Positioning for Functional Seating
Active sitting promotes trunk and head control and can improve a child’s posture and functional use of the arms and head. Learn how to position and adjust an adaptive chair to encourage active sitting.
Toileting Concepts for a Child with Special Needs
For many parents and teachers of children with special needs, toilet training can seem like an unattainable goal. Each child has unique health issues, physical disabilities, emotional/behavioral challenges, cognitive and learning disabilities as well as communication barriers. Nevertheless, an individualized, consistent toileting routine can have great positive impact on quality of life.
Teaching Weight Acceptance with the Rifton Activity Chair
Beyond the comforts of the sofa or the academics of a classroom, sitting is a learning position – for motor skill building. For those with disabilities that limit standing and walking opportunities, this means engaging in seated postures and activities that challenge core stability, endurance, trunk and head control. And the start of the learning process always begins with transferring out of a...
P-PAS, Adaptive Equipment and You
The Posture and Postural Ability Scale or P-PAS is a tool that can be used to assess posture, postural ability and the quality of posture in prone, supine, sitting and standing positions. Posture, in this context, refers to the anatomical alignment of body parts in relationship to each other and the environment.
SATCo, Adaptive Equipment and You
SATCo is a valuable tool to help clinicians determine just where a client needs trunk support in order to engage in a task or activity. The work of Butler et al. demonstrated the validity of the tool and its ability to detect trunk weakness and postural control challenges. This approach to assessing the trunk is a paradigm shift.
Improving Rehabilitation Prospects with the E-Pacer
Individuals hospitalized due to stroke or brain injury have one over-arching goal: to return home and into the community again. Unfortunately, many individuals with lasting debility require placement in long-term care or assisted living instead. This isolation and loss of independence can be devastating to patients and families. Because independent walking is a primary predictor of whether a patient...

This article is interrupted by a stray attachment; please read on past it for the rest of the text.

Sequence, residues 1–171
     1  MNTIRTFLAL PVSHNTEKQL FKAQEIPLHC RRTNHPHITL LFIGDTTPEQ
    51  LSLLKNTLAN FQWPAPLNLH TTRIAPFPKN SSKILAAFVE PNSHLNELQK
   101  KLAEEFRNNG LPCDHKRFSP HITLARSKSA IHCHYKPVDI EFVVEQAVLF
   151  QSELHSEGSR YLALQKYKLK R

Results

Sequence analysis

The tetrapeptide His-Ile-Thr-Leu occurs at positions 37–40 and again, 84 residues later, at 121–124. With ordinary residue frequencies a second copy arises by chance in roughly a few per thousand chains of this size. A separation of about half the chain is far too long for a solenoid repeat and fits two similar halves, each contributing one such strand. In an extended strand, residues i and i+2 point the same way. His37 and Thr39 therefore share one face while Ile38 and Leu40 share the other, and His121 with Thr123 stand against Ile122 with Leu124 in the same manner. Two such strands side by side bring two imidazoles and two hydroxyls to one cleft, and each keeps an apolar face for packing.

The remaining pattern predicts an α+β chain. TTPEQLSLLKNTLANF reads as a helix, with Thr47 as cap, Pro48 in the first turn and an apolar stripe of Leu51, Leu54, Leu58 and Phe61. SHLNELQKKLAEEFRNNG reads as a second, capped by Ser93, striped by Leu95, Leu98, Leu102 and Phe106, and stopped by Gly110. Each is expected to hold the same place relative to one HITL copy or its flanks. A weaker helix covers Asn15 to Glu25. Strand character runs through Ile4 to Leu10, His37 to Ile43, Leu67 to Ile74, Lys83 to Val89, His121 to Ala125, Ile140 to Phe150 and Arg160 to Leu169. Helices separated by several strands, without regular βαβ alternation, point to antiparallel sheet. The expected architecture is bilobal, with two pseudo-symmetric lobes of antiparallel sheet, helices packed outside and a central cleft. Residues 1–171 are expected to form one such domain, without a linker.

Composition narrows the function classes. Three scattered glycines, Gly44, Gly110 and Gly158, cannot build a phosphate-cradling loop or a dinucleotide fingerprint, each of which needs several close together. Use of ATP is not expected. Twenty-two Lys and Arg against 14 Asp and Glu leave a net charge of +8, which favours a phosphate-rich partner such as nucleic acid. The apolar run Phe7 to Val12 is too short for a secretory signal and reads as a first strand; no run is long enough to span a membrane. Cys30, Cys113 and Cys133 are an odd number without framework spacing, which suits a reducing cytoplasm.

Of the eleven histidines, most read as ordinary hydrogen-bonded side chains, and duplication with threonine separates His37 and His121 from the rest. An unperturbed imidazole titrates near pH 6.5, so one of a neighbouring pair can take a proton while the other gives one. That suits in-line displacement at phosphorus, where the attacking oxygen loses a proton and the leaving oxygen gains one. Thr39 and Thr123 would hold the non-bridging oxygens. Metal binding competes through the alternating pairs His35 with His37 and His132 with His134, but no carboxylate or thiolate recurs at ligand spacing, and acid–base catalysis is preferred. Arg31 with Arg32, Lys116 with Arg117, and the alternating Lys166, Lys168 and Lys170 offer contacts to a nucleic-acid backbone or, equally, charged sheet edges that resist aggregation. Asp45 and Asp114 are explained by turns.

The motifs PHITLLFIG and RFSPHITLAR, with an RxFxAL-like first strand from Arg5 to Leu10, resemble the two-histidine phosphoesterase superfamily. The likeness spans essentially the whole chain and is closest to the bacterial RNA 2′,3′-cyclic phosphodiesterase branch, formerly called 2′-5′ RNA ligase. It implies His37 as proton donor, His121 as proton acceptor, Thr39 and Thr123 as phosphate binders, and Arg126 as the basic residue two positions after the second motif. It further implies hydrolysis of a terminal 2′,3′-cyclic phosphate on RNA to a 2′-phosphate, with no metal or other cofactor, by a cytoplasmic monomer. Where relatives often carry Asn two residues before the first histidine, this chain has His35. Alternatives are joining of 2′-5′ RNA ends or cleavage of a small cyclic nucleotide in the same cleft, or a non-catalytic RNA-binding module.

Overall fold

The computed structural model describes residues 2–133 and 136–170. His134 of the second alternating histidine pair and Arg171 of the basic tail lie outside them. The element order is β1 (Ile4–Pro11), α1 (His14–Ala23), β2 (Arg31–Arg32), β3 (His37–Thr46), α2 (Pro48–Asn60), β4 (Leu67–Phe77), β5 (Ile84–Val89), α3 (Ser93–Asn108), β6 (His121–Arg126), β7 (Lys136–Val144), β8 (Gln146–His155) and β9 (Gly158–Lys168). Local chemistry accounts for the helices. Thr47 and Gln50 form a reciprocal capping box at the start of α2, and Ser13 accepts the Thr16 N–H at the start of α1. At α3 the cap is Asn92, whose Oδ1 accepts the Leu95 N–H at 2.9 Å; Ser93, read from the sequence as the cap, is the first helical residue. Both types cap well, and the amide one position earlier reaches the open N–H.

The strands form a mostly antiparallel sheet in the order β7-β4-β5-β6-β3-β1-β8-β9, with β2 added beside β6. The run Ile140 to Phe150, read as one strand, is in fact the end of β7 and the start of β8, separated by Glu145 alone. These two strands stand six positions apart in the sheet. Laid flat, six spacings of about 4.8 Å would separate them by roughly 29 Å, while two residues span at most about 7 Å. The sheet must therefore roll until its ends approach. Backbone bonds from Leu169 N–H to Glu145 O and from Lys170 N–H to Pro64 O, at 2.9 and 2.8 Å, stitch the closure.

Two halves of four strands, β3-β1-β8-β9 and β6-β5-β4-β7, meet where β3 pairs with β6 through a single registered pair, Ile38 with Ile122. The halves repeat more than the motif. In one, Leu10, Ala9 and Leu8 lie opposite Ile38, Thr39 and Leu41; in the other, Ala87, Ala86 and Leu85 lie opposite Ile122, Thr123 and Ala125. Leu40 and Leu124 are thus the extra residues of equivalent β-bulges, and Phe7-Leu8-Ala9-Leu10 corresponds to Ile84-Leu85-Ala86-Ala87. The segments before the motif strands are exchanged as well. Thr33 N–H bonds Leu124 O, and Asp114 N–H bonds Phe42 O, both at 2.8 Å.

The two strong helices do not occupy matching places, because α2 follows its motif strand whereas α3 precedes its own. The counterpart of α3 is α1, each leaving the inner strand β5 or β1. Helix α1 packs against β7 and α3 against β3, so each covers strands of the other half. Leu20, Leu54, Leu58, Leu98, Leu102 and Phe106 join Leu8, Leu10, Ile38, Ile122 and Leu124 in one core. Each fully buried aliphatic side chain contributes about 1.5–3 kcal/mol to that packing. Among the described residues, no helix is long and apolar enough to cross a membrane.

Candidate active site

Useful Tips for Writing a Letter of Educational Necessity for Adaptive Equipment
As a school based practitioner, I understand the challenges and frustrations of acquiring adaptive equipment for students that will help bridge the gap between their capacity and performance. The International Classification of Functioning, Disability and Health (ICF) defines capacity as the student’s abilities in a situation apart from real life, such as during an evaluation in a quiet room with no...
Four Essentials to Know Before Writing an Effective Letter of Educational Necessity
1. Understand the requirements of federal law IDEA 2004.
The Individuals with Disabilities Education Act (IDEA) is a federal law that requires schools to meet the educational needs of students with disabilities. Funds for IDEA are allocated at federal, state, and local levels.
To be eligible for the provisions of IDEA, the student must present with one of the following disabilities: intellectual disability...
A patient with spinal cord injury recovers with the aid of an E-Pacer
Previously on our blog we shared a post about the use of Therabands with the TRAM from Linda Rusiecki, a physical therapist at Blodgett Hospital in Grand Rapids. In another post, Janette Tazzia and Linda Rusiecki tell about Janette’s recovery from a stroke. Now here’s a story of an individual impacted by a spinal cord injury who made remarkable gains with use of the Rifton E-Pacer in his...